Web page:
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четвер, 21 квітня 2011 р.

Verizon Sells 2.2M iPhones in First Two Weeks

Verizon said Thursday that it sold 2.2 million iPhones in its first two weeks and sold out of the iPad 2 in early March.

Verizon also sold 260,000 HTC Thunderbolt devices, the first smartphone for its 4G LTE network, and another 250,000 4G LTE Internet devices, Fran Shammo, president and CEO of Verizon Telecom and Business, said during a Thursday earnings call.

About 22 percent of iPhone activations were for people new to Verizon Wireless, while 78 percent were existing Verizon customers who upgraded.

Overall, 60 percent of phones sold during the quarter were smartphones, up from 36 percent last year. About 65 percent of those were new to the smartphone category, meaning they upgraded from a feature or multimedia phone or were new to Verizon. Overall, 32 percent of Verizon Wireless's retail post-paid customers are now using smartphones, up from 28 percent last quarter.

Verizon first started selling the iPhone in early February, and said the device contributed to the company's "most successful first day sales in the history of the company." At the time, it did not reveal exact sales data, except to say that in "just our first two hours, we had already sold more phones than any first day launch in our history."

Verizon initially offered the iPhone to existing customers during a 3am pre-sale. Shammo said Thursday that the company took that route to "show our loyalty to customers who stayed with us even though we didn't have the iPhone."

Going forward, Shammo said he expects some "fluctuations" in smartphone sales whenever Apple introduces its next iPhone, which he said will be a global device.

He also reiterated that Verizon will introduce tiered smartphone pricing in mid-summer for 3G and 4G devices. "That is a definite, and you will hear more of that as we get there," he said.

In late March, Verizon started taking orders for the Samsung 4G LTE Mobile Hotspot, which connects up to five Wi-Fi enabled devices to Verizon's nascent 4G broadband network. Its second hotspot was announced earlier this week.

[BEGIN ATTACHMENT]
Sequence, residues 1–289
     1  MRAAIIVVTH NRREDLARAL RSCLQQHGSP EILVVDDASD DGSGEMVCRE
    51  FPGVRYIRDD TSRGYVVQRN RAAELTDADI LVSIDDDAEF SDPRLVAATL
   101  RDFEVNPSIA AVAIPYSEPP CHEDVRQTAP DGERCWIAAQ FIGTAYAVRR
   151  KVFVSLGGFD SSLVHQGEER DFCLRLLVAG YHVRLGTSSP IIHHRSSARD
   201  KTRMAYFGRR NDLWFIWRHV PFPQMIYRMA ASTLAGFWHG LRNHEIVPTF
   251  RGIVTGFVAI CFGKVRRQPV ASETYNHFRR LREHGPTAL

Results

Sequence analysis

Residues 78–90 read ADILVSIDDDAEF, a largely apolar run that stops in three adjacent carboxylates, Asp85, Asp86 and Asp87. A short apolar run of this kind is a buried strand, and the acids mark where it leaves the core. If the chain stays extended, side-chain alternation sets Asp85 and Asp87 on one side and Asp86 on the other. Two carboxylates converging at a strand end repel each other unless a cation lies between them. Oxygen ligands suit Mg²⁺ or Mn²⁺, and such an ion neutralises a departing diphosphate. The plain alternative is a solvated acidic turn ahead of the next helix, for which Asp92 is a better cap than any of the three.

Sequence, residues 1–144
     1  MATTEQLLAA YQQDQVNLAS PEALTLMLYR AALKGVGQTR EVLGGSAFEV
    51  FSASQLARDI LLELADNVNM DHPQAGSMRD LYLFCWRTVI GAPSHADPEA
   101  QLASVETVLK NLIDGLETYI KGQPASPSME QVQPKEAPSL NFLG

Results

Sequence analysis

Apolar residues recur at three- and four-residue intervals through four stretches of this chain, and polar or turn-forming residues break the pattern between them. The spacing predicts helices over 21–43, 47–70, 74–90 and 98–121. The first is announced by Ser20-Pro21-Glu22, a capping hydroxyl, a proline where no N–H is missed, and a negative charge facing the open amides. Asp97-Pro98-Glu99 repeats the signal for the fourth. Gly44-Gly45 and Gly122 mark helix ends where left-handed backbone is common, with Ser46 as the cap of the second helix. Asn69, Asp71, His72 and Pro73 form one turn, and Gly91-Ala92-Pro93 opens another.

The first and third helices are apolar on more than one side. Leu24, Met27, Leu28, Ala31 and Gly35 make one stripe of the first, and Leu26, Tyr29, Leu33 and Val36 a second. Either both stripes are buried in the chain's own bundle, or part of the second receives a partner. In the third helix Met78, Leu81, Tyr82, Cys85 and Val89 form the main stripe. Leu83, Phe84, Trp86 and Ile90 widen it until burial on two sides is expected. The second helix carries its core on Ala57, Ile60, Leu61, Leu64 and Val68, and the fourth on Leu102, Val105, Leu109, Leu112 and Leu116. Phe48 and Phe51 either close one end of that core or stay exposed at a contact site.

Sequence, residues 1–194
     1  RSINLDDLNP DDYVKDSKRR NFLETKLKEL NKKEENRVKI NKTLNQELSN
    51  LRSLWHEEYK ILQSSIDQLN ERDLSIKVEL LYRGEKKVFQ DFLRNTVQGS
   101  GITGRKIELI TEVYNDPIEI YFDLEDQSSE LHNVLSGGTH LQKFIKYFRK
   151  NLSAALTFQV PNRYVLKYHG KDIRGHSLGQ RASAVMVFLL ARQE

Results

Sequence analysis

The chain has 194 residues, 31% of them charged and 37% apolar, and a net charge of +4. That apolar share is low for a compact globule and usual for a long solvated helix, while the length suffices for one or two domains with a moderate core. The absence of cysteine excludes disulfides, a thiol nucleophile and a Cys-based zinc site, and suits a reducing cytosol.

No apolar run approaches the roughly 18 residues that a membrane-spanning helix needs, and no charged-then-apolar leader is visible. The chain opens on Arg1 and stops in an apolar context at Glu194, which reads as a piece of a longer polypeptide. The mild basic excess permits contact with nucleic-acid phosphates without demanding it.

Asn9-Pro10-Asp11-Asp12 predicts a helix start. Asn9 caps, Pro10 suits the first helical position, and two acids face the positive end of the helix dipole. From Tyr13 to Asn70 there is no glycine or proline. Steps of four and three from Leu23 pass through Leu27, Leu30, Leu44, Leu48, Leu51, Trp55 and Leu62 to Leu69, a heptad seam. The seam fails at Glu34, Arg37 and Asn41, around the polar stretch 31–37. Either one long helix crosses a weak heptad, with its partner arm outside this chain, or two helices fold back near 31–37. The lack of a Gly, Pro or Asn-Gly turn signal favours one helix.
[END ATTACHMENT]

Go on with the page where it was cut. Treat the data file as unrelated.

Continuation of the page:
"We think these 4G mobile hotspots will be very popular with customers as they essentially allow any Wi-Fi enabled device to function as 4G LTE devices," Shammo said.

During the quarter, Verizon added 1.8 million customers to its wireless business, 906,000 of which were for post-paid retail customers. Verizon Wireless now has 104 million total connections, including 88.4 million retail customers.

Overall, Verizon reported revenue of $27 billion, up 0.3 percent from the same time period last year. The wireless business had $16.9 billion in revenue, up 10.2 percent from last year.

When asked about the pending merger of AT&T and T-Mobile, Shammo said Verizon will "let that go through due process with the federal government [and] sit and wait and see."

If it's a market-based merger, Verizon will not have many objections, but if its a "regulatory merger," then Verizon will "have a harder time." Verizon "will not stand by" if the Federal Communications Commission or other agencies impose regulations that force Verizon to deliver services at a set price, for example, Shammo said.

During its earnings call this week, AT&T executives said they were pleasantly surprised that more of its customers did not move to Verizon after it got the iPhone, and insisted that people stayed put due to the services AT&T offers rather than existing contracts.

Apple also had its earnings call Wednesday, during which it said that it sold 18.65 million iPhones in the quarter, representing 113 percent unit growth over the year-ago quarter.
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China Is Apple's Fastest Growing Market for IPhone

In a conference call on Wednesday, Apple Chief Operating Officer Tim Cook, said that for the first three months of 2011, iPhone sales in "Greater China" grew by almost 250 percent from the same period last year. This brought Apple's revenues in the first fiscal half to just under US$5 billion for the Greater China market, an increase of almost four times from 2010.

The $5 billion generated represents about 10 percent of Apple's revenues, Cook added in the conference call. "So we're extremely happy with how we're doing in China," he said. In the U.S., iPhone sales grew by 155 percent.

It's unclear, however, where in China the device is selling the most. Cook's reference to Greater China includes the mainland, Hong Kong and the island of Taiwan, said Apple spokeswoman Carolyn Wu.

But analysts have said that in mainland China, Apple is seeing a major shift with how consumers are viewing the iconic smartphone. When Apple's iPhone 4 launched there in late September, it was a hit with Chinese consumers, quickly selling out and leading to shortages.

Earlier versions of the iPhone had not met with the same reception, said Mark Natkin, the managing director for Beijing-based research firm Marbridge Consulting.

Apple didn't officially begin selling the iPhone in mainland China until late 2009, more than two years after it was launched in the U.S. Even then, the iPhone sold in the country was designed without Wi-Fi capability, in order to comply with Chinese technology regulations at the time.

"Eventually Apple was allowed to offer the iPhone with Wi-Fi functionality," Natkin said. "But by the time they were allowed to do so, the global launch of the iPhone 4 was just some months away. So again many users just waited for the right time."